Posted by: Craig Hatmaker
database, development, excel, Microsoft Excel, ms query, odbc, sql, tutorial, vba
frmSelect facilitates finding and selecting a record in massive lists by allowing the user to search by code/id/number or description/name (See video demo at bottom of post). Below is a screen shot showing someone searching a poorly designed customer master file. It looks and functions similar to another form I introduced months ago called frmSelect_Mulitple. This differs in that frmSelect only permits a single item to be selected. Selecting multiple codes makes sense when you want to filter a database and expect several records to be returned. It does not make sense when only a single item can be entered into a single field/column of a single record/row of a database file/table. So where as frmSelect_Multiple was introduced in the context of reporting, frmSelect is introduced in the context of data entry.
Data entry often requires things like Country Codes, Employee IDs, Account Numbers, Customer IDs, Project Numbers, Status Codes, Contact IDs, etc. Excel natively provides means to select such items in drop down list boxes or combo list boxes. Those work great for small lists. They really don’t work for massive lists. So before we explain why, allow me a moment to talk about business databases in general.
In my years as a business developer, I classified four major types of file structures, three of which I’ll discuss here:
- Transaction Files/Tables – These files contain things like purchase orders, invoices, checks, manifests, etc. They are usually divided up into a Header File/Table and a Detail File/Table.
Header Files: These files contain transaction attributes for which there can be only one item associated to the transaction. Using an Invoice as an example, an Invoice can be for 1 and only 1 customer. It is issued on 1 and only 1 date. It has 1 and only 1 Invoice number. In this case, the invoice number should be the primary key.
Detail Files: These files contain the many to 1 relationships. Using the Invoice as an example: there can be many items on 1 Invoice; there can be mutliple charges on 1 Invoice; there can be multiple accounts associated with 1 Invoice. In general, these files are keyed with the Header File’s primary key and a Line Item number.
- Master Files/Tables – These files contain things like people, places or things. They include Employee Masters, Customer Masters, Inventory Masters, etc. Master files, in my experience, all share something in common. They all have a Primary key field, and they all have a description field.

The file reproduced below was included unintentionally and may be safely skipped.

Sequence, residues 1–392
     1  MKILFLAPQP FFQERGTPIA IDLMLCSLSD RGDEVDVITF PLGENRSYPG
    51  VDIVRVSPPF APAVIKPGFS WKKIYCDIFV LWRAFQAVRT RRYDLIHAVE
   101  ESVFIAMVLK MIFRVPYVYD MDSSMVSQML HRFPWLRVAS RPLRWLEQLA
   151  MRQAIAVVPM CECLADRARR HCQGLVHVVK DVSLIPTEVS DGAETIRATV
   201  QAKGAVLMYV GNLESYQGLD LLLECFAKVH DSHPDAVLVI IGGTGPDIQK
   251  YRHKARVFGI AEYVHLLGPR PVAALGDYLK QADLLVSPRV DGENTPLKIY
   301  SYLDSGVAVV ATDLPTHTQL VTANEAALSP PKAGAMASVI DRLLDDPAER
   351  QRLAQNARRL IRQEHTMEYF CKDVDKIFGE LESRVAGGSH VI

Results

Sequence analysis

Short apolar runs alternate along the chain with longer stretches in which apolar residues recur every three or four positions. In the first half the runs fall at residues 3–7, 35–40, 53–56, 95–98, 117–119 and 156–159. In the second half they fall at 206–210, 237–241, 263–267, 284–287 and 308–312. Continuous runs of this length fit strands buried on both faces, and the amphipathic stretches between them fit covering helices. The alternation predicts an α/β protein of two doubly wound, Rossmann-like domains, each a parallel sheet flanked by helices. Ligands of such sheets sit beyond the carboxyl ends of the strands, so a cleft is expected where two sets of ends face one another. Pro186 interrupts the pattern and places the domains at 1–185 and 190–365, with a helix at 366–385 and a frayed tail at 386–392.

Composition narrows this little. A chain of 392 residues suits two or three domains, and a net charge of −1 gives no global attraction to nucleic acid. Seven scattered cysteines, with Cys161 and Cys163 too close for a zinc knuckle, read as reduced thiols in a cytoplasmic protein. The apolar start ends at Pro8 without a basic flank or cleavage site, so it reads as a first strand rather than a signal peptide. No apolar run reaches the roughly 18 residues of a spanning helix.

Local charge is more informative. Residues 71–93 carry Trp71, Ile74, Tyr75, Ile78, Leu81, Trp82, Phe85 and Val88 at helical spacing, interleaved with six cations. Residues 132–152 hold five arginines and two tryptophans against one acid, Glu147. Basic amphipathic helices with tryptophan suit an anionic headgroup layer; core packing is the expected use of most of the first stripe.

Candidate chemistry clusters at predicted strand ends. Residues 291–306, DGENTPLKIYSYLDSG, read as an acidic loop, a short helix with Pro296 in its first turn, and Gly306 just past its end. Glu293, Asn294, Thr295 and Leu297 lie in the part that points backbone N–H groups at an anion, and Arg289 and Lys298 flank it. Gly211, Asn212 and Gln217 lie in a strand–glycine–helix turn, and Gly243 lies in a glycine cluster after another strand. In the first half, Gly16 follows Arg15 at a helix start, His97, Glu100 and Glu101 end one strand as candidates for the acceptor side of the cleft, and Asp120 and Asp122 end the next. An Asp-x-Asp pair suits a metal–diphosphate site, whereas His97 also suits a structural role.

Primary Key Field: Primary Key Fields are unique identifiers that never, ever change. Good primary keys for master files are ALWAYS numbers assigned by the system that have NO meaning what-so-ever associated with the contents of the record (The non-numeric abbreviation as the key to the customer master in the screen shot makes that file poorly designed in my opinion).Primary Key Fields are ONLY a means to uniquely identify a Master File record. Because master file primary keys never change, they are what should be stored in Transaction Files. An example might be an Employee ID from the Employee Master which must be recorded in the Payroll Checks Transaction File so we know who the check was for. We always want the key field and never the employee’s name because the name might change such as when an employee is married and that would orphan child records.
Description Fields: Descriptions are what we, as humans, know people, places, and things by. For example, we know Fred Jones by his name, not his Employee Number. It’s possible there are two “Fred Jones” employeed at my company, but each one will have a unique employee number. For this reason, we must be able to find master file records by the description (what we know), and use the primary key field (guaranteed unique and unchanging) to identify a specific record.
- Code Files – These files are very similar to Master Files except the primary key has meaning. It’s usually an abbreviation that was accepted by convention. An example is “USA” as the code for “United States of America”. Another example is a General Ledger’s Chart of Accounts which uses a highly coded account number as the primary key. Like master files, the primary key must be guaranteed unique and unchanging. Unlike master files, we sometimes know the abbreviation as well or better than the name or description.
Excel’s list boxes facilitate “begins with” searching of only one field in a list and, for small lists, they are faster. frmSelect facilitates “begins with” and “contains” searching of the primary key and description fields and, for massive lists stored on a server, frmSelect is overall faster. Since both Master Files and Code Files have a primary key and a description, frmSelect works nicely for both.
The YouTube video below shows frmSelect in action. We’ll see how to construct frmSelect in the next post.
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